Mistakes you MUST Avoid after Your Virginia DUI

By Andrew Flusche, Esq.

Mistakes you MUST Avoid after Your Virginia DUIMost people realize the importance of hiring an attorney to defend their DWI charge. After all, it’s a misdemeanor offense that can alter your life for years. But if you’re like many of my clients, you’ve never needed to hire a lawyer before.

You’re not a bad person or a repeat offender. You just wound up in a bind. You need to know what mistakes could sink your case, so you can make sure to hire the right attorney. Watch out for these fatal blunders:

1. Treating your case like every other.

You’re unique, and so is your DWI charge. Some attorneys don’t care. They treat you as one more paycheck, hoping to grind your case down to a plea bargain and be done. You deserve better. Starting with our initial conversation, you and I will discuss the unique facts of your case, your job, your transportation needs, and anything else you’re concerned about.

I’ll explain in everyday terms how the law applies to your individual situation and what we can hopefully accomplish together. Even more importantly, I limit my practice to the number of cases that I can personally handle at one time. Instead of passing your case off to an associate or colleague, I’d rather turn away people and truly serve the clients whom I accept.

2. Not watching the cruiser dash cam video.

If only there was a magical box that could show us exactly what happened during your DWI stop… Wouldn’t that be a great source of information to arm ourselves for your defense? Oh, wait. There is!! Many law enforcement cruisers have a dash cam video which will record everything that happened before and after the officer stopped you. There isn’t one in every cruiser, and sometimes they do malfunction.

However, your attorney should always pursue any available video. I’m amazed at how many attorneys don’t bother to watch the DWI video. It takes a little effort to ask for it and go to the prosecutor’s office to watch it, but it’s a wealth of information for your case. Not watching the video is like putting on blinders before walking into court.

3. Not requesting logs about the breath machine or blood test.

The breath machine and blood testing equipment are NOT black boxes that we are ignorant about. They’re scientific machines that perform a highly specialized function. Why wouldn’t we seek documentation about the equipment to see if it’s working properly? Why not find out if the technicians have checked it for accuracy when they’re supposed to? It comes down to laziness.

Requesting these records from the Virginia Department of Forensic Science takes a little time and can cost a little money. But it’s a small price to pay to defend a case to the full extent of the law. I happily request whatever documents I can to look for any possible defense, and I pay any expense like this out of my own pocket.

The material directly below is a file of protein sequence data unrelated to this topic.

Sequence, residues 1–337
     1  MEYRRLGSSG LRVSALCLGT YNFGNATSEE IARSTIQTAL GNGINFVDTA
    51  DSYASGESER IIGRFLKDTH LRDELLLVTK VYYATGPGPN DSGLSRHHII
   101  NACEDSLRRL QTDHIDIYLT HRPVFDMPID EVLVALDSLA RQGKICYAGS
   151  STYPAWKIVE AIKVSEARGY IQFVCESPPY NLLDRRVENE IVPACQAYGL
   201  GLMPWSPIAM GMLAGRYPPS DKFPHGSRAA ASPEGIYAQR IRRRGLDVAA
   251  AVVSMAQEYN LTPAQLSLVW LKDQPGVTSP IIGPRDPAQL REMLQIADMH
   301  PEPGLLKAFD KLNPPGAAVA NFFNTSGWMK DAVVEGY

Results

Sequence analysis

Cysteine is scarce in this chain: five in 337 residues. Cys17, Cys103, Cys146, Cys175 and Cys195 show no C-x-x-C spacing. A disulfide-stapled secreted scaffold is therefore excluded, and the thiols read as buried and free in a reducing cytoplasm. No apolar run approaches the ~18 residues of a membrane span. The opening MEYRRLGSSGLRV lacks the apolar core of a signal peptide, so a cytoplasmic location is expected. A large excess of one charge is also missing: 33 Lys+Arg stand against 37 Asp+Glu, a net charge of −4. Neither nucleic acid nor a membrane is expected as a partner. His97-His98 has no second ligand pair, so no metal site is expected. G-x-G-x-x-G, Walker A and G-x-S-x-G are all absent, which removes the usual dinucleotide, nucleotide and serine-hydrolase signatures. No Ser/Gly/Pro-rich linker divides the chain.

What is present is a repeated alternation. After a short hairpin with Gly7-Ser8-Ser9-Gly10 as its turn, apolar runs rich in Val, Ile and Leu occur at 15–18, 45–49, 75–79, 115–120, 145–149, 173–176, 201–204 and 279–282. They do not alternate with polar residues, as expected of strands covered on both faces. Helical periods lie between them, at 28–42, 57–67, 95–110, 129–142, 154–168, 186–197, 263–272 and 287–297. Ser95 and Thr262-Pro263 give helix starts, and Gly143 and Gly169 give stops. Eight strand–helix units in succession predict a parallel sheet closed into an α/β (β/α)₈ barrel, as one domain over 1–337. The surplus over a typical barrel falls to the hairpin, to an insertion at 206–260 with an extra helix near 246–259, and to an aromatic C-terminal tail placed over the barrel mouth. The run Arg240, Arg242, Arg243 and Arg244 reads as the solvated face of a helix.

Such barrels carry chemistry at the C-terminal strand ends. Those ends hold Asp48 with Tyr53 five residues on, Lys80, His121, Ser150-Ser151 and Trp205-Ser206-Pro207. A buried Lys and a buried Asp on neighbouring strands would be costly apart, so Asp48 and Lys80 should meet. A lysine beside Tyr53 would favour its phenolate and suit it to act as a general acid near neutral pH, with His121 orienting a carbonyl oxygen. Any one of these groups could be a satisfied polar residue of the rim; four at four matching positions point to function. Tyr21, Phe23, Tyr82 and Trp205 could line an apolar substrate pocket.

4. Practicing in unfamiliar courts.

Aren’t you nervous when you show up for the first day of a new job? It’s unfamiliar to you, and you might not be able to do your best work on day one. You certainly don’t know who really runs the show and the subtleties of the workplace dynamics. I think the same issues apply to attorneys who dabble in unfamiliar courts.

Virginia law may be the same across the Commonwealth, but the judges, prosecutors, officers, and clerks are unique in every jurisdiction. Even something as simple as obtaining a continuance to change the court date can be difficult if your attorney isn’t familiar with the court’s normal procedures. And when the rubber hits the road on the trial date, not having a relationship with the prosecutor and officer could make it more difficult to negotiate and put the case on for trial.

5. Putting the burden on you.

You may be scared and nervous about your charge. You shouldn’t have extra burdens placed on you, like obtaining your driving record. That’s your lawyer’s job. If you work with me, I’ll ask for copies of the paperwork you already have, but I’ll do my best to take the burden off your shoulders and relieve your stress. My Case Manager will get a copy of your driving record, and we’ll send it to you so you can review it too. We’ll even prepare your restricted license application, when possible, to expedite getting you back on the road if you’re convicted.

6. Ignoring client goals.

Some attorneys may get too focused on their own goals and ignore yours. It’s easier to push a client into a plea agreement than to take the time for a full trial. But that may not best accomplish your unique goals. During our case strategy sessions together, you and I will discuss your goals and concerns. That gives me the target to aim for with your case. Together we’ll develop a strategy to try to reach your goals.

7. Pushing you off onto other people.

One of the key questions to ask a lawyer during your initial interview is: Who will be going to court with me? You might be surprised to learn that some law firms shuffle cases around like a deck of cards. You could talk with one lawyer for your initial interview, work with another lawyer to prepare the case, and end up with a completely new lawyer at court.

Even more concerning: sometimes the lawyer at court isn’t even an employee of the law firm you hired! The other problem I’ve seen is lawyers insulating themselves from clients with a wall of staff. Starting from the initial interview, you deserve to discuss your case personally with the attorney. I promise to return your calls and emails within one business day.

I do have a receptionist service and a rock star Case Manager who helps prepare cases to my exacting standards. However, I’m the only attorney in my office, and I don’t pass cases off to colleagues. If you hire me, I’m your attorney. Period. Don’t let your case be jeopardized by hiring an attorney who doesn’t personally focus on YOUR needs and YOUR unique situation.